It has always been my dream to have a planted aquarium at home. Whenever I went for these Aquarium exhibitions I used to be besotted by the large aquascaped planted aquariums. Those ones with the grasses, mosses and drift woods… wow… I used to be spell bound. I knew it involved a lot of effort, time and money to bring it to that condition. And I didn’t have that kind of money with me to spare, although I could put in the effort and the time. But hell, I could start with a small tank. If I was successful with that then I could move on to a bigger tank.
So I bought a small tank, barely two feet in length. The first thing I had to do was to fill in the substrate material. The important thing to note while selecting the substrate material is that it should not affect the pH of water. If you are using garden soil, it should be taken from an area where there hasn’t been any application of fertilizers. I got such garden soil and I mixed it with equal quantity of compost. Then I deposited it on the bottom of the tank up to a depth of about 1.5 inches. You cannot end with that, because using this substrate alone would cloud the water. So the next task was to top up the garden soil layer with a layer of river sand. This was used to a depth of about half an inch.
The next task was to fix the plants. I got whatever plants I could get at the local aquarium store. I used tweezers to plant them in the substrate, arranging them in the best way possible. Then I had to fill it up with water. I placed a small dish at the bottom of the tank, so that I did not disturb the substrate when I poured the water in. The top cover of the tank had a pink aquarium lamp fixed on to it. Pink light is supposed to be the best suited for a fresh water aquarium, since the spectrum of light emitted are the ones used up by the plants for photosynthesis. Then tank is now to be left in that condition for at least a week, before the fishes are added. This is for the water to be conditioned for fish life. This conditioning will happen through the development of bacteria in the substrate which will convert the waste products excreted by the fish into non-toxic substances. Another important point to note is that plants give out oxygen during the day and CO2 during the night. So it would be useful if you have aeration equipment and switch it on during the night. It would be useful both for the fish and the plant.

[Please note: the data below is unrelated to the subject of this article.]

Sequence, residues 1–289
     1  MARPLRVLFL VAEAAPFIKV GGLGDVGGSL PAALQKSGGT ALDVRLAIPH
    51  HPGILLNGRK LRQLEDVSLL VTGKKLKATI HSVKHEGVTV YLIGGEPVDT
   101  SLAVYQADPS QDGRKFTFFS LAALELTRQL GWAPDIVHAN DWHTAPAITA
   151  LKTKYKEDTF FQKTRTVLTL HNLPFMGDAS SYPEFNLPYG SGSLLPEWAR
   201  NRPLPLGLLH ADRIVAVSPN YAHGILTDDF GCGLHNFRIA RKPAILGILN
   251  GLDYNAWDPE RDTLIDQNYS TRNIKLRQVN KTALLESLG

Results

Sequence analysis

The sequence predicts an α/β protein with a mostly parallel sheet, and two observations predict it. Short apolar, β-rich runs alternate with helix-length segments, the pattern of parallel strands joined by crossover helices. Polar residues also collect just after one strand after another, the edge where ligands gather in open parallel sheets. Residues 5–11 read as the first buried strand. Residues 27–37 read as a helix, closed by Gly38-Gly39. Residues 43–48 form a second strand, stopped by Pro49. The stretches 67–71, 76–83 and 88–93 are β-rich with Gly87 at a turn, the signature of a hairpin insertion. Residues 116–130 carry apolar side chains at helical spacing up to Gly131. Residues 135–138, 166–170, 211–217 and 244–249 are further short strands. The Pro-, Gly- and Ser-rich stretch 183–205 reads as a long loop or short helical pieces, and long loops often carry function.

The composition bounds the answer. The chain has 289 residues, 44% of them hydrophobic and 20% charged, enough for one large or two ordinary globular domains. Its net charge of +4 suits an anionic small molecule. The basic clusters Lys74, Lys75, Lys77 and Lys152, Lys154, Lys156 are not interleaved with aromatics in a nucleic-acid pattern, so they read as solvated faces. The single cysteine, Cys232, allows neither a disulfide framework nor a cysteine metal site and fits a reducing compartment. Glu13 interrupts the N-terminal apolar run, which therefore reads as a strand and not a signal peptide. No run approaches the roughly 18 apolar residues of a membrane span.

Now I have a flourishing planted aquarium which I set up with minimum equipment and spending less money.
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